Drinking coffee not only significantly decreases the risk of type 2 diabetes, Parkinson’s disease, Alzheimer’s disease, cirrhosis, and depression, but it is packed with antioxidants. Plus coffee is a good source of B vitamins. One serving of coffee contains 6% of the RDA of vitamin B5 (pantothenic acid), which supports the adrenal gland and functions as an anti-stress supplement. The same cup of coffee also provides 11% of the RDA of vitamin B2, which supports metabolic function, making our ability to digest proteins, carbs and fats more efficient. When you think about it, having a cup of coffee in the morning (hold the sugar and high-fat dairy creamers and milk) is like having a serving of vegetables.

 Want to be more productive, alert of cognitively prepared? Want to burn calories more quickly? Drink coffee. Want to be part of a vibrant coffee-drinking community? You know what to do…



Bringing in the New Year with a Group of Coffee-Drinking Friends

Drinking coffee is an anywhere, anytime, go-to activity that brings a sense of instant companionship. On New Year’s Eve, as we waited for the countdown to 2014, I drank half a glass of wine and then got up the nerve to ask my hosts for a cup of coffee. The hostess happily started brewing coffee and putting out mugs and saucers, while her husband offered a (surprisingly) delicious vanilla soy creamer. Our small group of celebrants emptied the pot in less than 20 minutes, as we chatted. We were warm and stimulated and buffeted against the below-zero temps outdoors.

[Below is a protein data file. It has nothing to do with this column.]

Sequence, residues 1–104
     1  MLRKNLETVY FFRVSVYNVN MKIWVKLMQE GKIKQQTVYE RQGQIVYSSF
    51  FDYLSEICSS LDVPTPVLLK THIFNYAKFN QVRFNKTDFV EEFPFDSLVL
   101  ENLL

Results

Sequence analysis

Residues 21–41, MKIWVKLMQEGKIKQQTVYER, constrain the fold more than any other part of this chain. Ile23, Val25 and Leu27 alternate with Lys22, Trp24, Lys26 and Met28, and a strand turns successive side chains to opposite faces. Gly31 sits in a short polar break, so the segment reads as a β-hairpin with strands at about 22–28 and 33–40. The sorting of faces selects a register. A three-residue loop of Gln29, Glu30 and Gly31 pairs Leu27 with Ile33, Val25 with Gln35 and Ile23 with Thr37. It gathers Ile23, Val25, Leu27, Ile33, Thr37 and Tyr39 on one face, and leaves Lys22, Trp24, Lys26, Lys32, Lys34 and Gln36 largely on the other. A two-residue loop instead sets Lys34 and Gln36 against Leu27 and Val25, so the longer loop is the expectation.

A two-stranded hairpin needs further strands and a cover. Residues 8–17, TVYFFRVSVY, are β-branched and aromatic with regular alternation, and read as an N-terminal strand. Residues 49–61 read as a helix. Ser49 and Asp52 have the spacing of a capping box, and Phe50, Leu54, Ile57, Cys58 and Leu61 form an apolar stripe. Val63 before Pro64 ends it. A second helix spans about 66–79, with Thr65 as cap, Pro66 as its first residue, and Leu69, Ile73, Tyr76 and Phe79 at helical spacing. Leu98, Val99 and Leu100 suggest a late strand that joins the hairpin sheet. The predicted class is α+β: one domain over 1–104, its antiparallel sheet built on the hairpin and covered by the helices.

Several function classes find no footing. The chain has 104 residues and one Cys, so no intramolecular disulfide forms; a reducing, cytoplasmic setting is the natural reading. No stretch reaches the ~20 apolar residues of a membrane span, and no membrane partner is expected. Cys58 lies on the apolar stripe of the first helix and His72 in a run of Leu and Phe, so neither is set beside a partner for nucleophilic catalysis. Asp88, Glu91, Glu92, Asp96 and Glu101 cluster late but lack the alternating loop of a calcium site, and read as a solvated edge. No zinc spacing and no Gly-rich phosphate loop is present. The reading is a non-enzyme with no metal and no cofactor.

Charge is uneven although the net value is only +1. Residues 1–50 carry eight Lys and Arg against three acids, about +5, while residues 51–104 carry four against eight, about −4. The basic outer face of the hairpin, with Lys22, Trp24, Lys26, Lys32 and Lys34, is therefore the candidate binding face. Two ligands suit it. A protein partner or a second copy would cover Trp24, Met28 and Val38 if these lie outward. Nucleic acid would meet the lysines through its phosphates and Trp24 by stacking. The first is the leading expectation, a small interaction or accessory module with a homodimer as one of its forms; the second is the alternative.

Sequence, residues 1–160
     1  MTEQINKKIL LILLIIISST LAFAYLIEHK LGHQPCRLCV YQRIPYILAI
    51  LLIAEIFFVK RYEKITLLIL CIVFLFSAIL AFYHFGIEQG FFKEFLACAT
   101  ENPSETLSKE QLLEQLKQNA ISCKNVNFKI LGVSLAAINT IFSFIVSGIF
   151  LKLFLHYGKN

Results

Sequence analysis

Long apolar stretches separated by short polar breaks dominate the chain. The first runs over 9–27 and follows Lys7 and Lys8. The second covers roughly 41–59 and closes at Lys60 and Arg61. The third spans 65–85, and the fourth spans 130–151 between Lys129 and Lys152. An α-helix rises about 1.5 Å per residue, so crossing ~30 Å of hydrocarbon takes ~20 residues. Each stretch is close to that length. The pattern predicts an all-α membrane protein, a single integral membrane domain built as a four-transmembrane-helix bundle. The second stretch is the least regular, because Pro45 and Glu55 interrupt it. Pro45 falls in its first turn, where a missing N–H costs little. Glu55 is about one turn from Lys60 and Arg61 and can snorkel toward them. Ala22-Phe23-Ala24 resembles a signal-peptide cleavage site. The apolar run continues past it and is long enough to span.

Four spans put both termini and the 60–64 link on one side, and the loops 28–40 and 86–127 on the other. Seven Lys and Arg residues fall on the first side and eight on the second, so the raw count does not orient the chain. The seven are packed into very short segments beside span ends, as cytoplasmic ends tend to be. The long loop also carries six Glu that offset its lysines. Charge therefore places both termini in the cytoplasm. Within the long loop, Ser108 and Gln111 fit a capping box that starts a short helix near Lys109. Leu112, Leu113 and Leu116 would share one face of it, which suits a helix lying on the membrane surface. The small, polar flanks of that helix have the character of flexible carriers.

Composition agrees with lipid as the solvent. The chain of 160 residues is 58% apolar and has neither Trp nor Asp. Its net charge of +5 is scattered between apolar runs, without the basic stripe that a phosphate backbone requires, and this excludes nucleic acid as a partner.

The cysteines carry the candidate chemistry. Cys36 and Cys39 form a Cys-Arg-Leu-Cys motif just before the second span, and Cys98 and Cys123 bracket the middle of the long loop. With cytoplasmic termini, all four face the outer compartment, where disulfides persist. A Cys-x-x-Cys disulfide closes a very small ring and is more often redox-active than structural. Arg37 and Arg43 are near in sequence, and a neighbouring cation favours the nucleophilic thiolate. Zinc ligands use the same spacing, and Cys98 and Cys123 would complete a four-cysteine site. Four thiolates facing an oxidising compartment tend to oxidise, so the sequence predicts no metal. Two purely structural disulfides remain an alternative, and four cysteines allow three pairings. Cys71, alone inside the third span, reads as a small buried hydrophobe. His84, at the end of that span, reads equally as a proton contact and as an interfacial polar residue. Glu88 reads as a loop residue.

Twenty minutes before the ball dropped, we did what millions of others were doing. We descended to the basement, sat on comfy sofas and channel-switched back and forth between NBC, FOX and CBS, watching as Ryan Seacrest smiled jauntily next to various beautiful women. Our young children pranced around in oversized 2014 sunglasses as glitter dropped all over the carpet.

 Finally, it was time. 5,4,3,2,1---we swigged our champagne, hugged and kissed, and hung out a bit longer to watch Mariah Carey sing. It truly was a happy new year, full of good friends, good wine and champagne---and exceptionally good coffee.

Happy New Year! 

Sunday, December 8, 2013

Coffee Rust Threatens Coffee Farmers Across Central America


                Two months into the start of a new coffee-growing season, coffee rust is still destroying coffee crops and the dreams of coffee farmers hoping for a better harvest than last year. Coffee rust is a fungus that shows up as yellow patches on coffee leaves. It attacks the leaves and reduces the plant’s ability to feed itself. As a result, the coffee fruit will never mature and the harvest will be lost.

                Predictably, this has an impact on coffee prices, but more important, it can literally force farmers into poverty and leave them and their families hungry. In mid-2013, 437,000 coffee farmers were affected across Central America, including farmers in Guatemala, Costa Rica, Nicaragua, El Salvador, Mexico, Ecuador and Honduras---the largest coffee grower in the region.

                One positive exception has been Colombia, which actually saw a 26% increase in its national coffee yield year over year. The National Federation of Coffee Growers of Colombia developed a coffee rust-resistant plant strain and farmers planted it. It worked. Now---that technology needs to be transferred to other countries and other coffee farms.

                For coffee farmers like Ernestina Martinez, a widowed mother of 8, who successfully started her own farm several years ago and painstakingly got production up to 4 metric tons, the carnage of the rust-plant fungus has been harrowing. She destroyed the harvest and is looking for Plan B. She is mournful of what’s lost, but determined to keep growing.



                Part of enjoying coffee and all of the good health, productivity and contentment it brings is being aware of where it’s grown, who’s growing it and what hardships they face. Let’s hope this growing season brings a resurgence of yield and prosperity for Ernestina Martinez and her peers!